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Fishing For A Record

By Aubry Buzek

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Fifty years ago, columnist Wayne Tiller announced, “Texas is finally getting into the act—that is, establishing official state hunting and fishing records,” in Texas Parks & Wildlife Magazine. The Texas Outdoor Writers Association started the fishing records list in 1968 before turning it over to TPWD in 1971, establishing what has now been half a century of big fish and even bigger memories.

Adults have historically dominated the records list, but that has changed. Junior anglers now compete in a category all their own, and participation among them is growing each year.

“I’m starting to see more kids taking part in the angler recognition program,” said Chuck Dewey, a TPWD certified scale operator and holder of one world record and 238 state freshwater fishing records. “And I see the results. Believe me, when they are 30 years old they’ll still have their certificate, and they’re going to get their kids into the program, too.”

In the first quarter of 2017, juniors set three state records and 34 water body records in Texas—an increase of more than 42 percent from the previous year. And over the last decade the program participation has increased by more than 30 percent, according to TPWD Angler Recognition Program director Ron Smith.

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Junior angler certificates are available in eight different categories and four gear types (rod and reel, fly fishing, bow fishing and unrestricted) at hundreds of lakes, rivers and coastal waters in the state. And the key to setting a record is not just “angler’s luck”—it’s putting in the research and time to find the right location, species and tackle. That’s the recipe for a record.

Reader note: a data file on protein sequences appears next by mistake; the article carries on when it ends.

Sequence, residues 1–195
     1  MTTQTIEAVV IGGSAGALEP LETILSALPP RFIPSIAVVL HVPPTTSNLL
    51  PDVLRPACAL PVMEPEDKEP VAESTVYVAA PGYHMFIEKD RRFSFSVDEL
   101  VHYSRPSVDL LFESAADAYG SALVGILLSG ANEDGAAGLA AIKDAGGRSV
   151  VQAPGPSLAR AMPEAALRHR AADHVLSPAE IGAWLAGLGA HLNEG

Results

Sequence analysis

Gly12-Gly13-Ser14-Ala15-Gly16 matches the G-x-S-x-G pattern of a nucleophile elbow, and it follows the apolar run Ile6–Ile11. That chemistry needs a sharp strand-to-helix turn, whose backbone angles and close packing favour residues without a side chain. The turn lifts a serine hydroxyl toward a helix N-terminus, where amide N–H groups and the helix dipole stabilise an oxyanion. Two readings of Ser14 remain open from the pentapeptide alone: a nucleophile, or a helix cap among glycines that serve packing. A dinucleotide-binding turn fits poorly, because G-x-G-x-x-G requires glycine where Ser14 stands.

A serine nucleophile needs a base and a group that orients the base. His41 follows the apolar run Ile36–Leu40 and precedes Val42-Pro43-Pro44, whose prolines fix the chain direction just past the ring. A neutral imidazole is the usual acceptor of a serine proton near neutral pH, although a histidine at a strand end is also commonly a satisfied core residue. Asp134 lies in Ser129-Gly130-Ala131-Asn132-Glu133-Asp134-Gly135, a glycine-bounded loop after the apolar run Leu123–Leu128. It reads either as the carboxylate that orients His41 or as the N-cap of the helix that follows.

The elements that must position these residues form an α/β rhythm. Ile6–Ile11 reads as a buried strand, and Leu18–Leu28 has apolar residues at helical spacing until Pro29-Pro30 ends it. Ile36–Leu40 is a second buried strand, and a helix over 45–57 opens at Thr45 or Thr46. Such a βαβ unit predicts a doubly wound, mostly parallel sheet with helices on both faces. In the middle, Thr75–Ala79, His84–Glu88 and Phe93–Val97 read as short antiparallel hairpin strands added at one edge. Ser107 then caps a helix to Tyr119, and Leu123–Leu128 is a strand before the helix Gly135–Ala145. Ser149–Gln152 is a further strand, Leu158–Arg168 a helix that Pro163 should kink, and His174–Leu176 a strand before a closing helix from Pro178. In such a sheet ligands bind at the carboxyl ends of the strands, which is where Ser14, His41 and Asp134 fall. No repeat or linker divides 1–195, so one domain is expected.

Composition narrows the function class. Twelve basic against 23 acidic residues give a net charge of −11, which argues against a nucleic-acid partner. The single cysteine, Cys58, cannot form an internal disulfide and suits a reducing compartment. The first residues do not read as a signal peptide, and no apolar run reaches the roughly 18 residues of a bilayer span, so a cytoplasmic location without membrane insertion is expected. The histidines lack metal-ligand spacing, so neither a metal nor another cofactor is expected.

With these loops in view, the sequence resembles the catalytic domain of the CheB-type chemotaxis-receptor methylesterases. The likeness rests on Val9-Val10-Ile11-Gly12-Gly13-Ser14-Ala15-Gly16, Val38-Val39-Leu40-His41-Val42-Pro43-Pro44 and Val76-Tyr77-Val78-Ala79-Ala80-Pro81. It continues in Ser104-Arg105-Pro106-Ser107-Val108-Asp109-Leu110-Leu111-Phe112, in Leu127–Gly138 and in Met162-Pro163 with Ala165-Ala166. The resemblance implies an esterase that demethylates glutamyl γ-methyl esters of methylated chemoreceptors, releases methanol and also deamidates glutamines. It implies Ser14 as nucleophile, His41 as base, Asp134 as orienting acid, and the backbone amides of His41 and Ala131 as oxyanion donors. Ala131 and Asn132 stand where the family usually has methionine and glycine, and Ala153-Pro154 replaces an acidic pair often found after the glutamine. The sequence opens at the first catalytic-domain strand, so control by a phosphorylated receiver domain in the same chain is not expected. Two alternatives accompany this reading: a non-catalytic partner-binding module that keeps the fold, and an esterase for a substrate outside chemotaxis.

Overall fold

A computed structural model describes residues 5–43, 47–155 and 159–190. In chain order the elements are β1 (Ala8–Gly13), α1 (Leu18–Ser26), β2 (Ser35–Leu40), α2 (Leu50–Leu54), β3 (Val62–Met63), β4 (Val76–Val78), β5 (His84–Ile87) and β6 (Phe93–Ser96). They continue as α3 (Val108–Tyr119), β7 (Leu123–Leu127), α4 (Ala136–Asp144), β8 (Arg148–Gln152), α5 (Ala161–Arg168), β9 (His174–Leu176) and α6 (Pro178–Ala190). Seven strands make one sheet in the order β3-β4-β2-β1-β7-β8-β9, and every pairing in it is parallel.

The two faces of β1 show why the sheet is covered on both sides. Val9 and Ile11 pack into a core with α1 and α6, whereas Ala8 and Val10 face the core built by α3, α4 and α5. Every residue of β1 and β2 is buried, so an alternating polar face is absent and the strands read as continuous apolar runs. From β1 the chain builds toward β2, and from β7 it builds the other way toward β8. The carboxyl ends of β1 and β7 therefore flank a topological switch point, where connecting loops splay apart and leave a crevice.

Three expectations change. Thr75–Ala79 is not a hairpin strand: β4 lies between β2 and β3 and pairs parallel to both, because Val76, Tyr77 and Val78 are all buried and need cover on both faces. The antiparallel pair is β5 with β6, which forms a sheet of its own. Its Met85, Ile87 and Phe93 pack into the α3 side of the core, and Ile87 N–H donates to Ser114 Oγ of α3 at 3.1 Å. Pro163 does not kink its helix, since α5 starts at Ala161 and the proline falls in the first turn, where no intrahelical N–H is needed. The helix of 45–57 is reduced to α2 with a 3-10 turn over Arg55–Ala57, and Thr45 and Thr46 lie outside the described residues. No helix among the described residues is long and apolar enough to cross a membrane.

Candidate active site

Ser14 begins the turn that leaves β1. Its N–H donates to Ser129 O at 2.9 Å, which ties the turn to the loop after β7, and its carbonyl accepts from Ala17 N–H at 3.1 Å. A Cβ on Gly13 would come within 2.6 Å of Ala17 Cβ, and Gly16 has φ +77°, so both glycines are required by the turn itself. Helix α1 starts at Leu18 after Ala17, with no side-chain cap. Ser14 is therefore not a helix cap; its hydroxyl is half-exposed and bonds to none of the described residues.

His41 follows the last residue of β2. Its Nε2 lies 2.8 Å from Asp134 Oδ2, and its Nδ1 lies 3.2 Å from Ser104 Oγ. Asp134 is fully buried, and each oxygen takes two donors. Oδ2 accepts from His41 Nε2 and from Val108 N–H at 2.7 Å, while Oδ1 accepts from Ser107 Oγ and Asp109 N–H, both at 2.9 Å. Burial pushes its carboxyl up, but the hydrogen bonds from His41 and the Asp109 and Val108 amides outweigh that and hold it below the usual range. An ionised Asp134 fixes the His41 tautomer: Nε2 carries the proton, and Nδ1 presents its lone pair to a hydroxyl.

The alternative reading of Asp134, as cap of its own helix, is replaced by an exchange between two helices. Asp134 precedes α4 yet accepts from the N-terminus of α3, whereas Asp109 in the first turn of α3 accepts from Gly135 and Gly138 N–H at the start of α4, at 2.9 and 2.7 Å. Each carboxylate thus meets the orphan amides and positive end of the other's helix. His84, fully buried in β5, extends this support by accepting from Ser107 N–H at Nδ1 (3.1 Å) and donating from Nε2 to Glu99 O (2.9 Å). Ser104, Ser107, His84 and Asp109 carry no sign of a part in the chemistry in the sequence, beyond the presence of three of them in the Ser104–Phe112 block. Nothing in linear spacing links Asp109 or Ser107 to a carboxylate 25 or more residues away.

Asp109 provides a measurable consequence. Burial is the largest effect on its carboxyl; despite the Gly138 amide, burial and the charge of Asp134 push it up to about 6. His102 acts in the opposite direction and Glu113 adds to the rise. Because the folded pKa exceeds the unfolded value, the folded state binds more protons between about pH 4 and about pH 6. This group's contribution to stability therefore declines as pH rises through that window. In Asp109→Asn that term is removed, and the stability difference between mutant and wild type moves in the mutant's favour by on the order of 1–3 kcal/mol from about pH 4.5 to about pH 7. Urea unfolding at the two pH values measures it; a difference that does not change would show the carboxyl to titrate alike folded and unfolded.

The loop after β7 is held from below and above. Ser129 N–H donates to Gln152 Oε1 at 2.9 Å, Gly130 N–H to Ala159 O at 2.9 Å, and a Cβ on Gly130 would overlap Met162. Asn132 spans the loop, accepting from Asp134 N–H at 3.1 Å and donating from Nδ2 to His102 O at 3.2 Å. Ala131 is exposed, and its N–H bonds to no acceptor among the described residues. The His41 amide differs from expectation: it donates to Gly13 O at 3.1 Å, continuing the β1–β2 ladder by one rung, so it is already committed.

It is unlikely the longstanding largemouth bass state record of 18.18 pounds at Lake Fork will be topped anytime soon, but some locations reg-ularly stocked with largemouth bass don’t have a junior angler record at all. Prime spots can be narrowed down by checking TPWD’s online lake survey reports to see which species thrive in that location. And once a fishing spot and species have been chosen, the TPWD freshwater fishes guide and other online resources can help identify which tackle is needed for the job.

Dewey said you don’t want to wait until you land a big fish to find somewhere to weigh it. He recommends checking the TPWD website and finding a certified scale in the area before hitting the water. Certified scales are found in marinas, bait stores, feed mills, grocery stores and post offices.

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After the research comes the fun part: time on the water.

“Keep fishing and good things will happen,” Dewey said. “It doesn’t come overnight—the more you fish, the more you learn about the traits of those fish and you learn from your mistakes. You’ve just got to keep going out.”

But above all else, Dewey said anglers shouldn’t lose sight of what’s really important.

“The records are secondary,” Dewey said. “The most important thing is promoting love and respect for the outdoors.”

Aubry Buzek is a media communications specialist in the TPWD press office in Austin.

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